Reason to believe: The Cockburn files, Part 2

When partisans clad themselves in their armor of facts and statistics, who can you trust?

Published May 4, 2007 9:28PM (EDT)

In a comment on today's earlier post referencing Alexander Cockburn's global warming skepticism, reader "achilleselbow" contributed an eloquent quasi-lament on the difficulty non-scientists have in knowing what to believe when partisan ideologues engage in arguments over scientific fact. Since I think his points stand for many reporters as well as media consumers, I thought I'd hoist the post out of comments and invite everyone to take a look.

I've always admired Cockburn's writing, as well as that of his brother's. What I detect in this crusade of his is a (perhaps misguided) desire to distinguish himself from the "liberal" pack by taking on a contrary position, as his friend and colleague Christopher Hitchens has so famously done.

It would be insane to dismiss either of these two men as some sort of puppets of the right-wing conspiracy. The fact that someone makes an argument that also happens to be made by a faction one doesn't like is not enough to discredit that person or the argument itself. This is the same tactic used by Israel to paint its critics as anti-semites or by Bush to attack Democrats for being terrorist sympathizers.

Unfortunately, our society has reached the point where ideologies supersede individual arguments or facts. People mostly shape their views by supporting the opposite of things that they believe to be associated with a certain image they have in their minds of the kind of person they don't like. You see this in things like the recent decision by the fundamentalist movement to drop environmental initiatives because that's part of the "liberal agenda." It's not difficult to see how this leads to a vicious cycle exacerbated by the media.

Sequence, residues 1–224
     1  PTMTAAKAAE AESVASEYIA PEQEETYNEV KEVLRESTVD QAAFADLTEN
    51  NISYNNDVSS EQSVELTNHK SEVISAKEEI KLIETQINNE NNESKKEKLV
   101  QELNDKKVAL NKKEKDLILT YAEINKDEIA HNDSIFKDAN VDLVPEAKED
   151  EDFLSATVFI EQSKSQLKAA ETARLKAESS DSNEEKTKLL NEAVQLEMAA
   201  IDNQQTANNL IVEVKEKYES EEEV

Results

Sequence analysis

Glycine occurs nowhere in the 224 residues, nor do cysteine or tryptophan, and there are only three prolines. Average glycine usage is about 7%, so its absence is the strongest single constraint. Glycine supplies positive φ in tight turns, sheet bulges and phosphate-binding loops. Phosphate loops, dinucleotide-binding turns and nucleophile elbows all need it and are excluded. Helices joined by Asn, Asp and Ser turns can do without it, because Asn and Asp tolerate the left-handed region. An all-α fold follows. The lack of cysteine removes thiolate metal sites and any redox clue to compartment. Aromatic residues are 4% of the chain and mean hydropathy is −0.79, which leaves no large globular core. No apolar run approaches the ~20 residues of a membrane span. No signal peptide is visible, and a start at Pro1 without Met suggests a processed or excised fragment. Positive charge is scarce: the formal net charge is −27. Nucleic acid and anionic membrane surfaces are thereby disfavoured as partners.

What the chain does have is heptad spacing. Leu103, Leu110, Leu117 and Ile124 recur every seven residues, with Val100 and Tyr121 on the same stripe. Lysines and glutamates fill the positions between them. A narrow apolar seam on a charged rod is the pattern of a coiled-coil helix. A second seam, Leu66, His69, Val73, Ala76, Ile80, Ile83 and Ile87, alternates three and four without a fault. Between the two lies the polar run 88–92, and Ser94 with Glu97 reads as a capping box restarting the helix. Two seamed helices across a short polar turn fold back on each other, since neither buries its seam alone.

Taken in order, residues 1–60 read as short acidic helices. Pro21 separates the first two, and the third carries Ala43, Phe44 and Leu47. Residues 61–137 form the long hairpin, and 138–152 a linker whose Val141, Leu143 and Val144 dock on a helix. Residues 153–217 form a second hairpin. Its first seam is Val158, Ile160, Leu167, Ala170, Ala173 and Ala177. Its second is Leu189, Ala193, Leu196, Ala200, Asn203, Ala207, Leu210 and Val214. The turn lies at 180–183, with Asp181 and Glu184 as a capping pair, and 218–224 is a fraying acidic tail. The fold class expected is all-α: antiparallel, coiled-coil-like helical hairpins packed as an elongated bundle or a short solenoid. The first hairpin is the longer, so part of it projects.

However, in complex scientific cases like this, I don't see many alternatives. I consider myself a fairly well-educated person who makes a reasonable effort to stay informed. But I am no scientist. I can follow statistics and hypotheses well enough, but when talk turns to specific mechanisms and explanations, all I know is what my source tells me. And at that point it becomes a matter of how much I trust the source and what I think they are trying to accomplish.

Of course, the objective scientific truth exists, but in a practical sense, it is only accessible to the vast majority of non-scientists by way of summary and report. So my belief in man-made global warming relies mainly on mainstream media reports that "the global scientific community is in agreement." A right-winger's denial relies mainly on the links provided by conservative bloggers to dissenting studies or alternative theories. One can choose between the two on the basis that the former is more likely to be objective and has a higher standard of reliability. But my point is that for the non-scientist, it is never simply a matter of looking at objective data.

I found that Cockburn's argument against the carbon credit industry, at the least, had some good points. The rest of it I didn't buy, but at this point it's mainly because many more other writers whose opinions I also respect have disagreed. If they were to agree, my opinion would probably be swayed. Maybe this makes me a mindless puppet. Or maybe it's an inevitable result of the specialization of information in our society. I would wager that this is at least partially how even the most well-informed people ultimately make their decisions. I'm just honest enough to admit it.

By Andrew Leonard

Andrew Leonard is a staff writer at Salon. On Twitter, @koxinga21.

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